Apple (NASDAQ:AAPL) did mention some difficulties in its most recent quarter, and with news of new tablets being put into production, I think there's a distinct possibility that demand may in fact recover in Apple's Q4 FY 2014 or Q1 FY 2015. However, I think what's contributing to the slight drag in refresh has to do with longer product upgrade cycles, and so as long as Apple is able to convince consumers that the upcoming tablet is worth upgrading into, the specific product category will surprise to the upside.
Historical iPad data
Data from Apple, Chart was created by AlexLeAnders
Besides the momentary blip in Q3 results, the overall trajectory is still positive as indicated by the trend line.
Based on broader industry data however, the tablet market is set to grow, but there may be some difficulties in the high-end as product refresh is estimated (rough estimates, it's a young category) to be 2.2 years. Therefore, if we were to adhere to that logic, the broad installed base of iOS/Mac users may upgrade tablets between the two-year and three-year mark. Older tablet devices (gen 3) are more than sufficient for running applications, but eventually consumers will want the novelty of owning a new device, and newer hardware will allow consumers to play the latest games and run applications more efficiently. So we may see some migration from gen 3 and 4 iPad owners into generation 6 iPads (the models that will be released in the next couple months).
Tim Cook offers added insight on the tablet segment:
But what's most important to us is that customers are enjoying their iPads and using them heavily. In a survey conducted in May by ChangeWave, iPad Air registered a 98% customer satisfaction rate, while iPad Mini with retina display received an astonishing 100% customer satisfaction rate. The survey also found that among people planning to purchase a tablet within 90 days, 63% plan to buy an iPad and our own data indicates that more than half of customers purchasing an iPad are buying their very first iPad.
Tim Cook tried to explain that tablet growth should be robust going forward. What he kind of had a hard time explaining was that there are a ton of new people buying tablets, and eventually pre-existing consumers will upgrade their tablet, but as an industry, we don't know exactly when, so the impact from refresh is kind of hard to estimate at the present moment.
At present more than half of iPad sales in the prior quarter were made by non-iPad owners. So if we were to add in the impact of the refresh from the 2012 model, Apple can expect the installed base from 2012 to upgrade, which will lock in sales of 58.31 million units over the next four quarters. However, if Apple's survey is accurate about more than 50% of iPad sales are in the form of new buyers, demand should accelerate tremendously.
To explain the logic behind why Apple will ship 7-8.5 million more iPads y-o-y let's look closely at what Tim Cook said one more time: "Our own data indicates that more than half of customers purchasing an iPad are buying their very first iPad."
So, I created a trend line from the prior quarter and assumed that on a year-over-year basis, 50% to 60% of iPad buyers will be new. So that's where I base my 7.06-8.462 million growth assumption. However, 14 million iPads were sold in Q4 2012. So the pre-existing installed base from 2012 will most likely renew (upon 6th generation introduction) and that adds 14 million in sales, and the 50%-60% trickle of new customers will add the 7-8.5 million on-top of that. This totals to 21.1 million in sales for the next quarter, and if there's a 60% mix from new iPad buyers, on top of refresh, there will be 22.51 million iPads sold in the next quarter.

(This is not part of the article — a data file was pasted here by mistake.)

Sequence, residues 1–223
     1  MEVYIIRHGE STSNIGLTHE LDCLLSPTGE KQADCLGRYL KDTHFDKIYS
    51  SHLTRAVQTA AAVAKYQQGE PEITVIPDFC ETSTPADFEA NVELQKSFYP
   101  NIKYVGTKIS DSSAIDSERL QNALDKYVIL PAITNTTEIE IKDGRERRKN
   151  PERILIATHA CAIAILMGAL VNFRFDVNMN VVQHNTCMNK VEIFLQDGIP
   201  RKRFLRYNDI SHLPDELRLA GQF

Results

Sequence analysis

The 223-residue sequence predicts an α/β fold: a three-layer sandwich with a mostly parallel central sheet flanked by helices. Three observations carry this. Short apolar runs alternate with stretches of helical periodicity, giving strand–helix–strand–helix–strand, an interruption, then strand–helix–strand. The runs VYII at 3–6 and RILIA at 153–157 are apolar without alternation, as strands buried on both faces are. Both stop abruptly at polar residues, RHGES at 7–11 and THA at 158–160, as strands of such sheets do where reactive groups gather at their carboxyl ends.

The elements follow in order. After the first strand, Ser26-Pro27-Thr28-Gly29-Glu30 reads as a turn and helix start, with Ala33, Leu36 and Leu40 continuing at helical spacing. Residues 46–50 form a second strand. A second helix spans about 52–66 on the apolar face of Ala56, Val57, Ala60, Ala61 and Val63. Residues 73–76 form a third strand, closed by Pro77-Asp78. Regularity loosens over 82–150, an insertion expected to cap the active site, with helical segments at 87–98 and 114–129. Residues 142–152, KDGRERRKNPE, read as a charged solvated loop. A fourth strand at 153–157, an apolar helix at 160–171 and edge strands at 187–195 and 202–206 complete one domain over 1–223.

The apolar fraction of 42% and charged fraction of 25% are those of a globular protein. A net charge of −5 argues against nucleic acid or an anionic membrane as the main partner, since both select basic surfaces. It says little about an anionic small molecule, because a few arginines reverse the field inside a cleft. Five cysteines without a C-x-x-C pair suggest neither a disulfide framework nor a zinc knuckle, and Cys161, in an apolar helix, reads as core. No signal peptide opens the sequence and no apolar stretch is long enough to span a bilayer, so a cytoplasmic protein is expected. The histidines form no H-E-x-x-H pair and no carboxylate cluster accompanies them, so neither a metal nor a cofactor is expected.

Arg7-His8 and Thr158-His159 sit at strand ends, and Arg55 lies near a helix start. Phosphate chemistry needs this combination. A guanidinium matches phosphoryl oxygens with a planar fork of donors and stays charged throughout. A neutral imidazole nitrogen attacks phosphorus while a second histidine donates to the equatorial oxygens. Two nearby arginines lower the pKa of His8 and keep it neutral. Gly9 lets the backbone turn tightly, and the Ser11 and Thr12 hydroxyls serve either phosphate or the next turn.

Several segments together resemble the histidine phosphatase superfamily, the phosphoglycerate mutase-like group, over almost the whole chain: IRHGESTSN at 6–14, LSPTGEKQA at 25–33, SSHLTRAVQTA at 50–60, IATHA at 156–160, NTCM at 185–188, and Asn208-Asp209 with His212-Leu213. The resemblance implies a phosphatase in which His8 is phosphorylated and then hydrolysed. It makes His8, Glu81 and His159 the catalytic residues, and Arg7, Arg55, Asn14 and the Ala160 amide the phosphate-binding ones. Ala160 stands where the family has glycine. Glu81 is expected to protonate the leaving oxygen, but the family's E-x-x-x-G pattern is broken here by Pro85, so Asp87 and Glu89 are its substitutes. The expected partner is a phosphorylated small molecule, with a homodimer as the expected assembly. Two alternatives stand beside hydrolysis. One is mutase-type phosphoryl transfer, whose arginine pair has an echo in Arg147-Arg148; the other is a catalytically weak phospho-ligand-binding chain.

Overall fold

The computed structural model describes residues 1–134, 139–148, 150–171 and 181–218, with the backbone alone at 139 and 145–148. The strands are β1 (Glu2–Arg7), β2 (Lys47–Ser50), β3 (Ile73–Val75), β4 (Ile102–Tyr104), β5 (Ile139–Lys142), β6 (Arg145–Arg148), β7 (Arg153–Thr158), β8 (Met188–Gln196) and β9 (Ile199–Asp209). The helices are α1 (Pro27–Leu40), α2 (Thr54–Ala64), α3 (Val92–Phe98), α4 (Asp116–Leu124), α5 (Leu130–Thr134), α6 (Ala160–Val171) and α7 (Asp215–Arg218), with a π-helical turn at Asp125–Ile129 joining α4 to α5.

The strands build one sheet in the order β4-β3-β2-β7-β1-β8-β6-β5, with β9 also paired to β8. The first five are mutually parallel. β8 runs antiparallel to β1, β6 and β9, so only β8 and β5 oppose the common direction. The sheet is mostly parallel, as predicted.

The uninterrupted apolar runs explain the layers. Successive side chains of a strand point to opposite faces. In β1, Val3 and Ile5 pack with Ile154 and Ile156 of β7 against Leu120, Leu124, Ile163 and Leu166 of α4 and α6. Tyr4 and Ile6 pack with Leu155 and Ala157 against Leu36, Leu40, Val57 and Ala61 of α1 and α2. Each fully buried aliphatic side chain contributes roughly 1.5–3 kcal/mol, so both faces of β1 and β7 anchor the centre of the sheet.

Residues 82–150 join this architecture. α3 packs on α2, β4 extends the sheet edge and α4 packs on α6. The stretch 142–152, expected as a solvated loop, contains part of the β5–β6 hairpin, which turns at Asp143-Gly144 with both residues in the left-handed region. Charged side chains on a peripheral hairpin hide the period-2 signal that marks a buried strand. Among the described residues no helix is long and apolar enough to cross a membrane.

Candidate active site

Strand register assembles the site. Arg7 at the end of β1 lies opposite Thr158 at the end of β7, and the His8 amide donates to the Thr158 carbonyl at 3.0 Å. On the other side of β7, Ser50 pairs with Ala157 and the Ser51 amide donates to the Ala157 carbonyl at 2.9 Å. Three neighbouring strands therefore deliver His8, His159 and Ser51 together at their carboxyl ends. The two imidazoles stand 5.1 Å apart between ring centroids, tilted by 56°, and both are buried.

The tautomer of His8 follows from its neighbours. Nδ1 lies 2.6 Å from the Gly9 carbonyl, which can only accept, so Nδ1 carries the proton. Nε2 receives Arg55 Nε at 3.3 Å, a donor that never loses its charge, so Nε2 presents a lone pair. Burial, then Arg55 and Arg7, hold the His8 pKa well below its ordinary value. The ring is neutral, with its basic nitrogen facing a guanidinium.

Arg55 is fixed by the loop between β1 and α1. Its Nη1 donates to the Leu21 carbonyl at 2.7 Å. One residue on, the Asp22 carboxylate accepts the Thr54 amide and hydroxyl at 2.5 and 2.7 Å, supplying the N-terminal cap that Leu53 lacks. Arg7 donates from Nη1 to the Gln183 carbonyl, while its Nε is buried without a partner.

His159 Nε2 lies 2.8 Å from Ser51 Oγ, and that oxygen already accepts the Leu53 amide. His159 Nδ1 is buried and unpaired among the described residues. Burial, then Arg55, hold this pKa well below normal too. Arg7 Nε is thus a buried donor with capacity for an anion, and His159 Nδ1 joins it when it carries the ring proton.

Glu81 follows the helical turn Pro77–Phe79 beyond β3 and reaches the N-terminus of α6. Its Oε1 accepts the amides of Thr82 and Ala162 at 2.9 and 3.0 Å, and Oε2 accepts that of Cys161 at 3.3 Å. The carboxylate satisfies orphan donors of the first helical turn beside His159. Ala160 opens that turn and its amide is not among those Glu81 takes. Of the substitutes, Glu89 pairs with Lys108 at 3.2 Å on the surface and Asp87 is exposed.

However the timing for when third generation owners update their iPad may not happen this quarter, but perhaps the next one following. So, eventually, the uptick in demand from new iPad owners, paired with repeat business from existing owners, should stimulate shipment growth at some point.
Also I don't think historical projections will factor the impact from refresh, as a full refresh cycle from older generation to newer generation iPads have not occurred yet. However not every older generation iPad owners will upgrade into a new iPad. Even though Tim Cook reports a high satisfation rate, Surface Tablet growth in the high-end has been phenomenal, and competing Android tablets from Samsung and Sony are carving out a bit of a niche of their own. Even so, I still think full product refresh will add significantly to shipment figures, as contribution from the installed base has been negligible over the three prior quarters.
When I look very carefully at the data points between Q4 2012 and Q4 2013, sales were flat at 14 million. I think that if we were to adhere to a three-year upgrade cycle, iPad gen 3/4 owners will elect to upgrade to gen 6, and the impact from new iPad owners will contribute an additional 50%-60% shipment growth on top of that amount. Unit shipment growth will not directly translate into 50%-60% sales growth, as the ASP mix between the mini and iPad will lower total revenue contribution.
iPad shipments will surprise analysts next quarter, or next fiscal year, as full refresh has not happened, and the continued influx of new customers is still robust. Because analysts base their figures on Apple's outlook, it's likely that a pretty strong beat is in store. Apple's projection on tablet demand is likely to be extremely conservative.
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